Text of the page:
People. Process. Systems.

Ian Spittle
5th April 2018

Sales and operations planning (S&OP)

s&op sales and operations planningS&OP (Sales and Operations Planning) is more than just demand forecasting and it is not just a process to ensure continuity of supply. S&OP is not a replacement for MRP and it is not an IT system. S&OP is an iterative and cyclical process to drive continuous improvement throughout the business. S&OP provides a framework to allow alignment, decision making, accountability, teamwork, visibility, risk management and investment. It produces the toolset to allow the business to monitor performance across different workstreams, whilst giving confidence and agreement as to what the future looks like.


At this point it is important to state that a formal S&OP process may not be suitable for every company, however, every organisation should understand the principles behind the concept, and consider if and how it could help drive improvement. What organisation wouldn’t benefit from an improvement in forecast accuracy, reduced inventory with quicker turns, increased service levels, SKU rationalisation and top-line revenue growth?


S&OP nearly always runs in monthly cycles, with defined stages, gateways, meetings and actions. Generation of historical data is always the starting point, giving the foundations for monitoring of past performance, whilst giving the latest information to revise predictions for the future. Demand Planning follows, looking at sales against forecast against the plan, considering all the latest knowledge of the market, products, customers and NPI, to produce a revised demand forecast. This then allows Supply Planning, using the revised demand forecast, and taking account of capacities and constraints, to plan production or purchases, and identify any gaps or exceptions. The cycle then culminates in the S&OP Meeting (sometimes following a pre-S&OP meeting), where exceptions and gaps are reviewed when comparing the revised plan against the financial plan. It is at this stage that the executive buy-in and support becomes more apparent, as representatives from Sales, Marketing, Finance & Operations discuss the current and future issues, and make informed, considered and accountable decisions on the actions needed to align the business going forward. Outputs can include agreement on plans for sales, production, NPI, inventory, purchasing and resources.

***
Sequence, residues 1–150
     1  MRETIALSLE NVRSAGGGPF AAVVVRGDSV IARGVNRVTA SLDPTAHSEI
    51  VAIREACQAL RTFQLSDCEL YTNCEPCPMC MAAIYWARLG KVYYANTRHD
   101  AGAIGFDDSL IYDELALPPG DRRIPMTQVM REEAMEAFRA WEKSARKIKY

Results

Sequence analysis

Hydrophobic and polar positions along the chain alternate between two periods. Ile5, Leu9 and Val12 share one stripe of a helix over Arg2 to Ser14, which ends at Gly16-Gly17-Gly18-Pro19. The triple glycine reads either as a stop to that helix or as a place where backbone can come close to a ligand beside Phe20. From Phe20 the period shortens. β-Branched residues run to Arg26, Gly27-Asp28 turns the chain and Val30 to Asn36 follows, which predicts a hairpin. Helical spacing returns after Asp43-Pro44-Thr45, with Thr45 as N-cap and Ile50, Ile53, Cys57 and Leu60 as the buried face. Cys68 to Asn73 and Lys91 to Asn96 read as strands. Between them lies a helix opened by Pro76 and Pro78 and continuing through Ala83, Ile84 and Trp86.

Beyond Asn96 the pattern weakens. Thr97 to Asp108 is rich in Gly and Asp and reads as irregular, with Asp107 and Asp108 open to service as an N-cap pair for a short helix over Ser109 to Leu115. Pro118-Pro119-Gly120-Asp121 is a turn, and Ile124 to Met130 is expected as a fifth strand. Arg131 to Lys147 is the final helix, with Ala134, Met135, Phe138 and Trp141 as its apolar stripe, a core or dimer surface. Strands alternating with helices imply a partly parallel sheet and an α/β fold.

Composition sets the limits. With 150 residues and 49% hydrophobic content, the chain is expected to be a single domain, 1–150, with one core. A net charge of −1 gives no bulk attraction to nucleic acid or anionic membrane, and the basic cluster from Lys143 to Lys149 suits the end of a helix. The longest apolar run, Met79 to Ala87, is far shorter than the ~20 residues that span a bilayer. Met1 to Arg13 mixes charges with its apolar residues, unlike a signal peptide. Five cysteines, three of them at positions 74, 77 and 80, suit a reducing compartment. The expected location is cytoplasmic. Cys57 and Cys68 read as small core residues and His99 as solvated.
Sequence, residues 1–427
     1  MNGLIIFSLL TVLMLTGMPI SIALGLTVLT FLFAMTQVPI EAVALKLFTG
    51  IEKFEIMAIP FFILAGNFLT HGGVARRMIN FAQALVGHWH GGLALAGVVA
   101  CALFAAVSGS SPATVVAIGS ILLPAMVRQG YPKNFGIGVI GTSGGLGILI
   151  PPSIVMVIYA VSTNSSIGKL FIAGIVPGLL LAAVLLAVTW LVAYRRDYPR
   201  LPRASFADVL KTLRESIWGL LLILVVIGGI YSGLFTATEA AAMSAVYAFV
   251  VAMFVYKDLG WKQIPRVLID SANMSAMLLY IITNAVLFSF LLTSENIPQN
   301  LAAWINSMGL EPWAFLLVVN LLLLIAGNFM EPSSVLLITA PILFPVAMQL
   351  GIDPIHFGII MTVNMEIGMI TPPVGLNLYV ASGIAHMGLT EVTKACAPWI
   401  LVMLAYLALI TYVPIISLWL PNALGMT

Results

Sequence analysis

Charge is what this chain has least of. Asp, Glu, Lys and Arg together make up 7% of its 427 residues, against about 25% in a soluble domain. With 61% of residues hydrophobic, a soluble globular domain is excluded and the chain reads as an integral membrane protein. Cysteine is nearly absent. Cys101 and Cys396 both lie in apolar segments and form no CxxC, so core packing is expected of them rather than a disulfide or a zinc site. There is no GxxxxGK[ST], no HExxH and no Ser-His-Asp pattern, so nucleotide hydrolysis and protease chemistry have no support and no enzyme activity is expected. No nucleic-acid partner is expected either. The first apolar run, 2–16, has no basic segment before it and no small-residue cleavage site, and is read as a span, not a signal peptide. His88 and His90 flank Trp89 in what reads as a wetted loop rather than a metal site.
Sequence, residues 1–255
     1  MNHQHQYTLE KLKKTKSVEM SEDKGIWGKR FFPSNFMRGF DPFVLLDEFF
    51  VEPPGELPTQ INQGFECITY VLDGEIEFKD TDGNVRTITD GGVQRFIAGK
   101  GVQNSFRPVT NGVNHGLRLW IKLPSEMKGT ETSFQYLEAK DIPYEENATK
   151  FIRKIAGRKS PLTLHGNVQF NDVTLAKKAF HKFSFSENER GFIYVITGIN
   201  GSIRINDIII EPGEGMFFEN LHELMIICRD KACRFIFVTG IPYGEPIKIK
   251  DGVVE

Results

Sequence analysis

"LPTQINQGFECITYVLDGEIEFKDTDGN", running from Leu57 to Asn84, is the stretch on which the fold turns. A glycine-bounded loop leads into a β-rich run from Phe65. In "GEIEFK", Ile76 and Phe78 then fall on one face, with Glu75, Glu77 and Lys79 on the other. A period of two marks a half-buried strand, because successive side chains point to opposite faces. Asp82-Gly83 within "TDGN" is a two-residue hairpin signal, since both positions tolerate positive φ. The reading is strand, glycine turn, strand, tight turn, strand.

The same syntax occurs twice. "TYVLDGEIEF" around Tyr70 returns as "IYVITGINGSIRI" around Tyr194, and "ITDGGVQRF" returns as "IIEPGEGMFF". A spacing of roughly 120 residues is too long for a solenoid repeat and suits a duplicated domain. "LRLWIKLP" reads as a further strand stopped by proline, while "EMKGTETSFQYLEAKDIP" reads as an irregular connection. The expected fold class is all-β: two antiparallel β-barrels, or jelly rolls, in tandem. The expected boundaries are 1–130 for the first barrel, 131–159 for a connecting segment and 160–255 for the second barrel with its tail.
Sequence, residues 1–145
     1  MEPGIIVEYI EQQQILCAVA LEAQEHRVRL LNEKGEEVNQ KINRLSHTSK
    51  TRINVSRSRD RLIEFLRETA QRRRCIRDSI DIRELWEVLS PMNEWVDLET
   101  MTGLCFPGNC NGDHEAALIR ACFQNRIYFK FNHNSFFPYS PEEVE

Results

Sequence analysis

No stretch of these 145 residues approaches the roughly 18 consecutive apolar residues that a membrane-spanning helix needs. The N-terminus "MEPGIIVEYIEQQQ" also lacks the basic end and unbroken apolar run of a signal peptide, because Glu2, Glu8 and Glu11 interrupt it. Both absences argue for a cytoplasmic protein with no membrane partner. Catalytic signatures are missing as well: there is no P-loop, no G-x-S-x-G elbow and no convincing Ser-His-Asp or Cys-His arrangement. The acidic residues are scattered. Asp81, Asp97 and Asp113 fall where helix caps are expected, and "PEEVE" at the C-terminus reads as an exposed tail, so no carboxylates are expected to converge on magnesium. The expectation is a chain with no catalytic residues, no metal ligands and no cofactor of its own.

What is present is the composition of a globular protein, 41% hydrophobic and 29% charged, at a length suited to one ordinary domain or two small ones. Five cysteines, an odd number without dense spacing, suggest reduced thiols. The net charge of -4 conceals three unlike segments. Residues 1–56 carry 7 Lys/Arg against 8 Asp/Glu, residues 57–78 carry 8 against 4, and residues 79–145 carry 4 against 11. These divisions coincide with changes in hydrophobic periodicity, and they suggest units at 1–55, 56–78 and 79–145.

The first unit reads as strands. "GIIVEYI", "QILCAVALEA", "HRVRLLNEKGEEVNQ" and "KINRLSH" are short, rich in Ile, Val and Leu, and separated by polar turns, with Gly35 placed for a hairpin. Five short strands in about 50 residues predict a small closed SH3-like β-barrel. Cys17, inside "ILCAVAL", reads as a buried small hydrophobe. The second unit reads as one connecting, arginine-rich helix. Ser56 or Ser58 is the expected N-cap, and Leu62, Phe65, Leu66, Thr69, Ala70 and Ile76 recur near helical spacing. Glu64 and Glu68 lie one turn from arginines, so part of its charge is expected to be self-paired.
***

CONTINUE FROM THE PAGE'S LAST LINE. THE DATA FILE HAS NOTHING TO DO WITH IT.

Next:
S&OP isn’t one size fits all. S&OP should be tailored to the organisation, to the size of business, the industry, the supply chain model and to the ownership structure of the company. Although the stages above are mandatory, they can be merged into fewer individual steps and fewer meetings. Rules need to be defined to fit the organisation – at what level does planning take place i.e. by Brand, by Product Group, by Region, by Type? What is the planning horizon? These rules will help determine the specific inputs, outputs and objectives of the S&OP process.


In summary, S&OP has joined up thinking for businesses that want better monitoring of the past, better visibility of the present, and better control over the future.


For more information on S&OP contact us.

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